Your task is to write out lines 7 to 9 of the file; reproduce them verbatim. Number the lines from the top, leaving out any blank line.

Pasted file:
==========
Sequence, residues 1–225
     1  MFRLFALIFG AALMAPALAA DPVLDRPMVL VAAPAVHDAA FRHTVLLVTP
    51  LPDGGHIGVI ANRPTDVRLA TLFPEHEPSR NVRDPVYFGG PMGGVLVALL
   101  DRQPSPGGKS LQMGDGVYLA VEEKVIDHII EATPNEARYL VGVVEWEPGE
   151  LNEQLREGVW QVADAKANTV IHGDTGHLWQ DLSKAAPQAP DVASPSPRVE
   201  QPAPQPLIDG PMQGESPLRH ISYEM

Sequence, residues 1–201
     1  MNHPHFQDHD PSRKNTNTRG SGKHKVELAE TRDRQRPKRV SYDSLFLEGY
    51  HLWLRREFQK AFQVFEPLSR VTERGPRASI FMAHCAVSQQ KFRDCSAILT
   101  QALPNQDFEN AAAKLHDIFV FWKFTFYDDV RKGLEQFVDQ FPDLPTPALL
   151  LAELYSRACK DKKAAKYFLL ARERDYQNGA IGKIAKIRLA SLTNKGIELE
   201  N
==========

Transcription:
Sequence, residues 1–201
     1  MNHPHFQDHD PSRKNTNTRG SGKHKVELAE TRDRQRPKRV SYDSLFLEGY
    51  HLWLRREFQK AFQVFEPLSR VTERGPRASI FMAHCAVSQQ KFRDCSAILT